Annual Program for Girls Shows What it Takes to Be a Transportation Engineer
Which to destroy: a hospital, Disney Store, or House of Blues? Briana Bojorquez and Marcella Terrasas, both 16-year-old students at Shadow Ridge High School in Hesperia, considered the dilemma of which brick and mortar establishment should be reduced to rubble so that a road could be built to connect Harbor Boulevard and Disneyland Drive. It’s a tight squeeze for the road; thus something’s got to go.
“How about take away those hotels?” Bojorquez suggested.
It’s only an exercise. The House of Blues is not in jeopardy. It was just an opportunity for more than 125 girls attending the fourth annual Girls Engineering Day in Orange County to practice thinking like an engineer and to work with professional engineers on these kinds of problems. The event, which took place in Anaheim roughly two weeks ago and was put on by the Orange County chapter of WTS, or Women’s Transportation Seminar, paired girls with engineers who work in various areas of transportation, including highway, rail, and transit planning and design, land surveying, geotechnical engineering, and environmental engineering.
“We want to show them that there are options,” said Karen Chapman, WTS events committee chair, about exposing the girls to different engineering fields. “Maybe it’s not transportation, but maybe it sparks something else.”
Throughout the day, students alternated listening to professional engineers talk about their career path and working with hands-on exercises. To start off, they had to build a suspended bridge out of drinking straws and popsicle sticks using one of two design types—either a square support structure or a triangular one—and test how many juice boxes the bridge could support. During lunch, they listened to Carrie Schindler, the director of Transit and Rail Programs for the San Bernardino County Transportation Authority, talk about her career and work.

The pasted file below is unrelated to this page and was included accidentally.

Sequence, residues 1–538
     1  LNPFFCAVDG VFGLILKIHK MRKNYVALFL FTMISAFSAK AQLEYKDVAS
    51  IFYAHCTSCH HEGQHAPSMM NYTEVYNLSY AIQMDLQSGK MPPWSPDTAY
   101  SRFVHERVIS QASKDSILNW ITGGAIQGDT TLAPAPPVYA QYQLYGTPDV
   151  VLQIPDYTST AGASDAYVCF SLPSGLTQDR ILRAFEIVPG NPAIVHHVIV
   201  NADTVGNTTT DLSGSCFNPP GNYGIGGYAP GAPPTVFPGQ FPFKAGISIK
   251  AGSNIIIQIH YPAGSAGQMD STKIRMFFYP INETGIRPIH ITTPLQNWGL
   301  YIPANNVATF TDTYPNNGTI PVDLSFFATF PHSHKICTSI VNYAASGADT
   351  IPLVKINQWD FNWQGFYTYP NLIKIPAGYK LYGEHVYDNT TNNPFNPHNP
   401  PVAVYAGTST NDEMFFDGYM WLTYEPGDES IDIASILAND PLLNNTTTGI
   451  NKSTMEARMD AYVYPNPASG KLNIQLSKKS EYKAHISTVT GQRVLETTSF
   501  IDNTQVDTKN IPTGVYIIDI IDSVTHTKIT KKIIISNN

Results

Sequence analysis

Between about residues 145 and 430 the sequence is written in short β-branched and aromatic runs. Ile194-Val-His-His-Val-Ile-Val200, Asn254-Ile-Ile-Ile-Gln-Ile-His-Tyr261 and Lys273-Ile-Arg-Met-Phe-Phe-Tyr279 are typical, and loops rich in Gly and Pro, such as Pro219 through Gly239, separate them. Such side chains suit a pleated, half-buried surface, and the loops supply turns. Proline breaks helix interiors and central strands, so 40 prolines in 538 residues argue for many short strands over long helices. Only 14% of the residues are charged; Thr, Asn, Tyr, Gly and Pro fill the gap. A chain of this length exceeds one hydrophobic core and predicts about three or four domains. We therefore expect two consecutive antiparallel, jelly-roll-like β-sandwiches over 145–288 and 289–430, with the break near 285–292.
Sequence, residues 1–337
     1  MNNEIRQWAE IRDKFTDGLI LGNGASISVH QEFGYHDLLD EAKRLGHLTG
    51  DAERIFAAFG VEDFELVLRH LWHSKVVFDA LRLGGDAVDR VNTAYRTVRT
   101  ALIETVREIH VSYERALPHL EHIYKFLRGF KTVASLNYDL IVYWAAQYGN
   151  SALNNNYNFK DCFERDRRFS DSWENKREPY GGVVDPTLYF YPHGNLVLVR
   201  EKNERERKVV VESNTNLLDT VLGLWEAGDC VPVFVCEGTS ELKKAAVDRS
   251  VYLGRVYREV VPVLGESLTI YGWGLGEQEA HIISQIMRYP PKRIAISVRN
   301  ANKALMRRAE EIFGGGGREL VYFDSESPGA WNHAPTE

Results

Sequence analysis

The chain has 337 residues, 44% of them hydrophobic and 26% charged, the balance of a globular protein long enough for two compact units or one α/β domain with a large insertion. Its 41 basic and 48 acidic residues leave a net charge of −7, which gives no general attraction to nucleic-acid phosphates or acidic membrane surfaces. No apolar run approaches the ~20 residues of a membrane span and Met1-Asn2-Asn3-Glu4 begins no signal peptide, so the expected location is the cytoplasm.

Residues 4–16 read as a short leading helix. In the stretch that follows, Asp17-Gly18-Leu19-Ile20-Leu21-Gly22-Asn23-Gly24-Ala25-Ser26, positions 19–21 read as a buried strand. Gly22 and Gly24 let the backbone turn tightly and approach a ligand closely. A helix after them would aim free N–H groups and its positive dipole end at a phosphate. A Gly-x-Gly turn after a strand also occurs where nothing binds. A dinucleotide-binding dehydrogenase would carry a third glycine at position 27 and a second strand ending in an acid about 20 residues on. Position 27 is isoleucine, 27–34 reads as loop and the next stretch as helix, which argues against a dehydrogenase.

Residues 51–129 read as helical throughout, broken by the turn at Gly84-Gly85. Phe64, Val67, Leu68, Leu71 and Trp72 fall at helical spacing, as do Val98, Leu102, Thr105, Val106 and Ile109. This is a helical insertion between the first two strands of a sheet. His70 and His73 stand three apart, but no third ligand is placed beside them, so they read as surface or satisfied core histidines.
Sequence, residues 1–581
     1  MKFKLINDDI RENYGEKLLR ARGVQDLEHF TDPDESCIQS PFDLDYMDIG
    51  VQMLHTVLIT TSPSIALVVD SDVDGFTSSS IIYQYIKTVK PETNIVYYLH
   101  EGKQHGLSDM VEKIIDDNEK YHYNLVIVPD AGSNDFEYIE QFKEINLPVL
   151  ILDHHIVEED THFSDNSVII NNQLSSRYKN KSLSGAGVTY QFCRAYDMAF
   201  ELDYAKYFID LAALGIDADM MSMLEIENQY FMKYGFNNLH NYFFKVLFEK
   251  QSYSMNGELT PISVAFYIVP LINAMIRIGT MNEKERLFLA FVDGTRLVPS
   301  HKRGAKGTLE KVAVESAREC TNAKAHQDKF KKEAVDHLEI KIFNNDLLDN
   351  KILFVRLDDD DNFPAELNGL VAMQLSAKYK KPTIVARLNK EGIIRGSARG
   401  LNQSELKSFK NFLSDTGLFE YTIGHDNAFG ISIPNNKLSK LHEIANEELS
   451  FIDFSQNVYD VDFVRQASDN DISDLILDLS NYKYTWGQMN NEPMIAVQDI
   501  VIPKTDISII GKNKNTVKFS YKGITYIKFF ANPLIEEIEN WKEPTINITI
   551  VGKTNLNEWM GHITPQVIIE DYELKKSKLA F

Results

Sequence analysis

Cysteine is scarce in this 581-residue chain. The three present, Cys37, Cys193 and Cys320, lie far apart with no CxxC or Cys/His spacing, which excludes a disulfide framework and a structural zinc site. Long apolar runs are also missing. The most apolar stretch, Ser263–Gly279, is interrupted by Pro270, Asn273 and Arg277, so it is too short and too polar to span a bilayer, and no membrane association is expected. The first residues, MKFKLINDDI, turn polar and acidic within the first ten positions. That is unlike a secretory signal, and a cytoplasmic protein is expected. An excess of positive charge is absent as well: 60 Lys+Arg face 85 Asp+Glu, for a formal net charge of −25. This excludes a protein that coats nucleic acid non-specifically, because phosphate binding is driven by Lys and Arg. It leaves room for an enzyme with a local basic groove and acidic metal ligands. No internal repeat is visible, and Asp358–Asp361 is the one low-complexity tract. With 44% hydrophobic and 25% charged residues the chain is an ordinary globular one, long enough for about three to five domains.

Students in middle and high school apply to participate in the program and must be recommended by their science teacher. Teachers are the ones who tell their students about the program, and they learn about it either through word of mouth or past experience. Seventh through twelfth grade students, mostly from the Anaheim Union High School District and neighboring cities, came to the all-day event.
The program was started through a partnership between Cherie Eifler, then Transportation YOU representative and WTS member, and Phyllis Fukumoto, a science teacher at Dale Junior High School. Fukumoto was looking to expose her students to opportunities in engineering, and a mutual colleague put her in touch with Eifler. From there, the idea expanded from something for Dale Junior High to the entire high school district.
For the first three years, the camp was held at Dale Junior High School. After the success of its first year, when 75 girls participated, students from other schools were invited, and each year the program has expanded incrementally. It’s the only such program run by WTS in California–so far.
The annual event is run completely by volunteers, with more than a hundred people donating their time for the day. Volunteering also gave WTS members the opportunity to return the favor for support they’ve received from the organization. Ashley Kim, a transportation engineering assistant at DKS Associates, talked to students in the morning about how getting scholarships from WTS supported her education at Cal Poly San Luis Obispo. It was the first time she shared her story in front of a group of youth.
“I wanted to give back to the community and help girls get into STEM,” said Kim.